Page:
According to the RBI’s KYC directions, 2016, for verifying the identity of a customer who is an individual the following documents can be submitted :

  • Certified copy of any Officially Valid Document (OVD) containing the details of his identity and address.
  • Recent photograph.
  • The Permanent Account Number or Form 60 defined under Income tax Rules, 1962
  • Any other documents specified by the Regulated Entities in their KYC policy.

According to the KYC guidelines 2016 of the RBI the following are considered as Official Valid Documents (OVD):

  • Passport
  • Proof of Possession of Aadhaar number in the form issued by the Unique Identification Authority of India.
  • Voters ID issued by the Election Commission of India.
  • Job card issued NREGA duly signed by an officer of the state government.
  • Letter issued by the National Population Register containing details of name and address.
  • Where the OVD does not contain the updated address the customers can submit the following documents for the limited purpose as proof of address as after submitting the following the customer has to submit OVD with the updated address with a period of 3 months:-
    • Utility bill of any service provider- electricity, telephone, post-paid mobile phone, piped gas, water bill, which is not more than two months old.
    • Property or municipal tax receipt.
    • Pension or family pension payment orders (PPOs) issued to retired employees by Government Departments or public sector undertaking if it contains the address.
    • Letter of allotment of accommodation from employer by state or central government departments, public sector undertakings, financial institutions and listed companies and leave and licence agreements with employers allotting official accommodation.
    • In case of foreign nationals, if the OVD produced by them does not contain the details of address then the documents issued by departments of foreign jurisdictions and letter issued by foreign Embassy in India can be produced as proof of address.

In case of a sole proprietary firm: in addition to the documents required to verify the proprietor (individual) any two of the following documents for the proof of business in the name of proprietary firm are required:

  • Registration certificate
  • Certificate/licence issued by the municipal authorities under the shops and Establishments Act.
  • Sales and income tax returns.
  • CST/VAT/GST certificate (provisional/final).
  • Certificate/registration document issued by Sales Tax/Service Tax/Professional Tax authorities.
  • *Importer Exporter Code (IEC) issued to the proprietary concern by the office of DGFT or Licence/certificate of practice issued in the name of the sole proprietary concern by any professional body incorporated under the statute.
  • Complete Income Tax Return (not just the acknowledgement) in the name of the sole proprietor where the firm’s income is reflected, duly authenticated/acknowledged by the Income Tax authorities.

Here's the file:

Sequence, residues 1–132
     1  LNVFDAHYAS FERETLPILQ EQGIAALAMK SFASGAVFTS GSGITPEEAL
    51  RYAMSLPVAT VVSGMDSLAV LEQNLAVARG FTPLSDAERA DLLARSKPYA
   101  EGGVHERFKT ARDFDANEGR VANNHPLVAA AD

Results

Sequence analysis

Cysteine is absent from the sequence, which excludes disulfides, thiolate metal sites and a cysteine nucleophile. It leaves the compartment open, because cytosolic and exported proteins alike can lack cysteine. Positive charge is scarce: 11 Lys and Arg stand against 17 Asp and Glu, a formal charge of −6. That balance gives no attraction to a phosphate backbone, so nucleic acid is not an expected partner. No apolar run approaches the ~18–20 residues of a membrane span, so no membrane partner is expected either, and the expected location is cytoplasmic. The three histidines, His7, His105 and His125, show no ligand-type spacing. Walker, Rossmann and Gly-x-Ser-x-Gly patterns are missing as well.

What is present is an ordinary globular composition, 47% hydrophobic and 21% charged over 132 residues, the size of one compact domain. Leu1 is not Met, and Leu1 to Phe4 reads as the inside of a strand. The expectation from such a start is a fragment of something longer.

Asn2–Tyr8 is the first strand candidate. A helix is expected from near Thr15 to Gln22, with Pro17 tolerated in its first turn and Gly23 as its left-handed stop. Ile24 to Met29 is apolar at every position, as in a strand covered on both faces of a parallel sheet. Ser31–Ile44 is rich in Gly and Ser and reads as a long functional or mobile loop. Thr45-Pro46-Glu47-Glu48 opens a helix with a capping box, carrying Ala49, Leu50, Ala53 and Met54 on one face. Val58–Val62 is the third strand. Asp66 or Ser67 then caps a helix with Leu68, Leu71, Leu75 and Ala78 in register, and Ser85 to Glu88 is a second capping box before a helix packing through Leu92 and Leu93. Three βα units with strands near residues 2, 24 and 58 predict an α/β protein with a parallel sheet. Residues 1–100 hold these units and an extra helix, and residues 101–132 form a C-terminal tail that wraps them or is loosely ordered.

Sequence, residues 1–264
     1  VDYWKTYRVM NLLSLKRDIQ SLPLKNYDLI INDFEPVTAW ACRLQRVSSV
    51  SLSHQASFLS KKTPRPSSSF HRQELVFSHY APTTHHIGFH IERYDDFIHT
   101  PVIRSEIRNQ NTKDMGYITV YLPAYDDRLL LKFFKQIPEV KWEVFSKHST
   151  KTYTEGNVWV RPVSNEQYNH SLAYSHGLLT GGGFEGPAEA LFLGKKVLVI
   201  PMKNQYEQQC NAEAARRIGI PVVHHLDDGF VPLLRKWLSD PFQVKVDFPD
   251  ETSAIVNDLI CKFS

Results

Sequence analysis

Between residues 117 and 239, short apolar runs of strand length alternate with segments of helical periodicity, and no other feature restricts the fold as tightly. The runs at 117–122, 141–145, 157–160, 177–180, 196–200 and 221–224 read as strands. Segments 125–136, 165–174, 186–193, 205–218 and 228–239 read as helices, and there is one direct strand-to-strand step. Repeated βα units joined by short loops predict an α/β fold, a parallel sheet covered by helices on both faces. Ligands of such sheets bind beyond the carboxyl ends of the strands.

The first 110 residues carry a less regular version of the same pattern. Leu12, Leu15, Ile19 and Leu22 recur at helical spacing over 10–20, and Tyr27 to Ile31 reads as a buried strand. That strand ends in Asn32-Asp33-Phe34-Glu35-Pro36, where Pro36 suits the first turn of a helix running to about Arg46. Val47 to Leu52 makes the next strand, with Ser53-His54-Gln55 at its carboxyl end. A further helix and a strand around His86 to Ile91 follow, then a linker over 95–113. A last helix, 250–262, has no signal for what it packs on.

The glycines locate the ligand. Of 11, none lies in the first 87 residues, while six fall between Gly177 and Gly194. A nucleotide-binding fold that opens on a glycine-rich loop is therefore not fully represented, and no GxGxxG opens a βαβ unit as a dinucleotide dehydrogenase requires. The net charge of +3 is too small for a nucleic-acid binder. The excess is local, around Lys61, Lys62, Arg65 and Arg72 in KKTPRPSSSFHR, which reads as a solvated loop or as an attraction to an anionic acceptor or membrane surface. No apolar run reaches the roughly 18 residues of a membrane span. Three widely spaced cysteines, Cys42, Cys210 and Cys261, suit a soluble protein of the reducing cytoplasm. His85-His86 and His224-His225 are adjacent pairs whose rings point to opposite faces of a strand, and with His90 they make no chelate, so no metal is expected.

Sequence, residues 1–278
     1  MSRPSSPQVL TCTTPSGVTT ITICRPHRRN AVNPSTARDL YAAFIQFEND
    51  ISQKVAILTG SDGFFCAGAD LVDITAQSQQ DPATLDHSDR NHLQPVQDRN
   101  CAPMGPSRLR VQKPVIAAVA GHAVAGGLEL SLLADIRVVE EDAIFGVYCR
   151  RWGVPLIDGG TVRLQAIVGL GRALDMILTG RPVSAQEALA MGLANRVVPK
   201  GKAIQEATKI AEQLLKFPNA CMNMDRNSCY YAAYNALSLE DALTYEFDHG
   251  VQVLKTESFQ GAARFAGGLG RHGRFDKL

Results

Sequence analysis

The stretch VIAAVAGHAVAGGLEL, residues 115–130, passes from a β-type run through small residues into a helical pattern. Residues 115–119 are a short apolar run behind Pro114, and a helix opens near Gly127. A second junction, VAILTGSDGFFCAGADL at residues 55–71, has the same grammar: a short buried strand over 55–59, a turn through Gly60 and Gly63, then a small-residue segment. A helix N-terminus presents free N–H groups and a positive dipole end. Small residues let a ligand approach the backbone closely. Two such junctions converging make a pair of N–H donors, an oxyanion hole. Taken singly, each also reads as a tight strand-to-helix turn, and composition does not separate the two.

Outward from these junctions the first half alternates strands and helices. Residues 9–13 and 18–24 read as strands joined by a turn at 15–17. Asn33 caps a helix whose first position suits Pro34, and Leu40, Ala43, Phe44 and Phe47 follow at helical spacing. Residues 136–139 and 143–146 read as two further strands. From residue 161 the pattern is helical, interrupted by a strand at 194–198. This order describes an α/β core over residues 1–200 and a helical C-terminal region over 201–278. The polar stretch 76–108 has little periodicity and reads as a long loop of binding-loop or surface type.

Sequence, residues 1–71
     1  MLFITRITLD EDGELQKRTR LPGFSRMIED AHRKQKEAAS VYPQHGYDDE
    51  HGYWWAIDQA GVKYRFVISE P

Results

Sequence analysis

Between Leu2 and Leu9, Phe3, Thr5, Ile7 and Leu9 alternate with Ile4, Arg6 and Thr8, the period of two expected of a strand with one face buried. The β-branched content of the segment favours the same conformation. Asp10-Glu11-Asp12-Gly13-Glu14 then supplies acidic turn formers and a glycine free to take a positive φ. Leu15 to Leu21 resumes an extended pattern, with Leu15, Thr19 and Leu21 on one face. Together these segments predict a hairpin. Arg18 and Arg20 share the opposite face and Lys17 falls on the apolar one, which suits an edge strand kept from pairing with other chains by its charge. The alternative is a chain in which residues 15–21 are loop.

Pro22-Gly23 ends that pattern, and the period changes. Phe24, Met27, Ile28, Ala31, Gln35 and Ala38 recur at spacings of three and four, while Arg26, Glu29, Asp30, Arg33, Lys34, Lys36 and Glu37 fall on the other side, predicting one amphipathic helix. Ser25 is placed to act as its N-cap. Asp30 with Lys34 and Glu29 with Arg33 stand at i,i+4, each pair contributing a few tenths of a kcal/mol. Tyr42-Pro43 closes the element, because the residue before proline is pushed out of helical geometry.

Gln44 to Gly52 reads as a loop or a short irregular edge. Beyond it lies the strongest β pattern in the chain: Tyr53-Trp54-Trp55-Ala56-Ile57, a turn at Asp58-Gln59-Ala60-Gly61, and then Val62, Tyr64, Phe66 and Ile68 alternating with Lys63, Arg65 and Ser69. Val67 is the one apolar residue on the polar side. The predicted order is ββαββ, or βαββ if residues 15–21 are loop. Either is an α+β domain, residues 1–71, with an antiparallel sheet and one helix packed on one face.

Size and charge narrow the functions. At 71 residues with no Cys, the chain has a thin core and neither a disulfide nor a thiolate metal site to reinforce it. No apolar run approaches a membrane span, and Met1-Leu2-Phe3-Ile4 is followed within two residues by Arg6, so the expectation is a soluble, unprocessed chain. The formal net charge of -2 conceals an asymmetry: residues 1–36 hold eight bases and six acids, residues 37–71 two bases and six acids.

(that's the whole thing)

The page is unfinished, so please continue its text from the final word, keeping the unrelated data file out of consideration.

• Utility bills – electricity, water, landline telephone bills, etc.

In case of a Company, the certified copies of the following documents are required:

  • Registration certificate
  • Certificate/licence issued by the municipal authorities under the shops and Establishments Act.
  • Sales and income tax returns.
  • CST/VAT/GST certificate (provisional/final).
  • Certificate/registration document issued by Sales Tax/Service Tax/Professional Tax authorities.
  • *Importer Exporter Code (IEC) issued to the proprietary concern by the office of DGFT or Licence/certificate of practice issued in the name of the sole proprietary concern by any professional body incorporated under the statute.
  • Complete Income Tax Return (not just the acknowledgement) in the name of the sole proprietor where the firm’s income is reflected, duly authenticated/acknowledged by the Income Tax authorities.
  • Utility bills – electricity, water, landline telephone bills, etc.

In case of a Company, the certified copies of the following documents are required:

  • Certificate of incorporation
  • Memorandum of Association
  • Articles of Association
  • Permanent Account Number of the company
  • A resolution and the power of attorney from the Board of Directors granted to the managers, officers or employees to transact on its behalf.
  • Documents of the managers, officers or employees (individual) holding an attorney to transact on behalf of the company.

In case of a partnership firm the certified copies of the following documents are required:

  • Registration certificate.
  • Partnership Deed.
  • Permanent Account Number of the partnership firm.
  • Documents of the person holding an attorney to transact on behalf of the firm.

In case of a trust, the certified copies of the following documents are required:

  • Registration certificate.
  • Trust Deed.
  • Permanent Account Number of the trust.
  • Documents of the person holding an attorney to transact on behalf of the trust.

In case of an unincorporated association or a body of individuals such as unregistered trust or partnership firms or societies, the certified copies of the following documents are required.

  • Resolution of the managing body of such association or body of individuals.
  • Permanent Account Number or Form 60 of such association or body of individuals.
  • Power of attorney granted to transact on its behalf.
  • Documents of the person holding an attorney to transact on its behalf.
  • Any other information required.

With the tremendous growth in the economic activities and scientific and technological developments it has become an important part of any business to identity the persons with whom they are transacting to avoid the risk of crimes. With the upgradation of the traditional methods of customer verification to digital or online verification it has become an easy process. Digital KYC is also considered to be a safe and secure process of verification as the information does not pass through various intermediaries. e-KYC is an initiative to provide easy and better service to the customers and to avoid the long and costly process of traditional methods of KYC verification.